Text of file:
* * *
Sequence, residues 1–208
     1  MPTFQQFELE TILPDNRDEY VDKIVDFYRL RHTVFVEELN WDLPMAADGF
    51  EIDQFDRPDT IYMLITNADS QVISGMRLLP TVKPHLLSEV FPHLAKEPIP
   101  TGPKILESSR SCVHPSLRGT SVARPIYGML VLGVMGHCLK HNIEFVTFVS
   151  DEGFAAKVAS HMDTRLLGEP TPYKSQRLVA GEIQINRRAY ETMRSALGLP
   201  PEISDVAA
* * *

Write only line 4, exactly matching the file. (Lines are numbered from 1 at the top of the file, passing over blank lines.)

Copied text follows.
   101  TGPKILESSR SCVHPSLRGT SVARPIYGML VLGVMGHCLK HNIEFVTFVS